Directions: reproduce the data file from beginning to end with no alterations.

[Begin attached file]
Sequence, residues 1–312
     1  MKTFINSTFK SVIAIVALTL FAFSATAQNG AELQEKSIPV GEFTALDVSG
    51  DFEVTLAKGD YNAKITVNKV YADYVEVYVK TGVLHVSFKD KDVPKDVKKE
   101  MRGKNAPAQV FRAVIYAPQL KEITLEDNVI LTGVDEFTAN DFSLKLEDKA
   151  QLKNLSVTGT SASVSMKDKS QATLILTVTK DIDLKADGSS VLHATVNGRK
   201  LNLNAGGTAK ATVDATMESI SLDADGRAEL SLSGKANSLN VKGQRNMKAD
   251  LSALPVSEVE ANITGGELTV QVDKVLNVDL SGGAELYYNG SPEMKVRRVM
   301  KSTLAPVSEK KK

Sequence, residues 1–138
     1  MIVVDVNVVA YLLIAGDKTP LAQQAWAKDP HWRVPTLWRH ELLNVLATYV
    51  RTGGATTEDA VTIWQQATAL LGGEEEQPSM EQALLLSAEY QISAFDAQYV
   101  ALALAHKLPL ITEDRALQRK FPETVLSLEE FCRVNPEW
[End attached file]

Sequence, residues 1–312
     1  MKTFINSTFK SVIAIVALTL FAFSATAQNG AELQEKSIPV GEFTALDVSG
    51  DFEVTLAKGD YNAKITVNKV YADYVEVYVK TGVLHVSFKD KDVPKDVKKE
   101  MRGKNAPAQV FRAVIYAPQL KEITLEDNVI LTGVDEFTAN DFSLKLEDKA
   151  QLKNLSVTGT SASVSMKDKS QATLILTVTK DIDLKADGSS VLHATVNGRK
   201  LNLNAGGTAK ATVDATMESI SLDADGRAEL SLSGKANSLN VKGQRNMKAD
   251  LSALPVSEVE ANITGGELTV QVDKVLNVDL SGGAELYYNG SPEMKVRRVM
   301  KSTLAPVSEK KK

Sequence, residues 1–138
     1  MIVVDVNVVA YLLIAGDKTP LAQQAWAKDP HWRVPTLWRH ELLNVLATYV
    51  RTGGATTEDA VTIWQQATAL LGGEEEQPSM EQALLLSAEY QISAFDAQYV
   101  ALALAHKLPL ITEDRALQRK FPETVLSLEE FCRVNPEW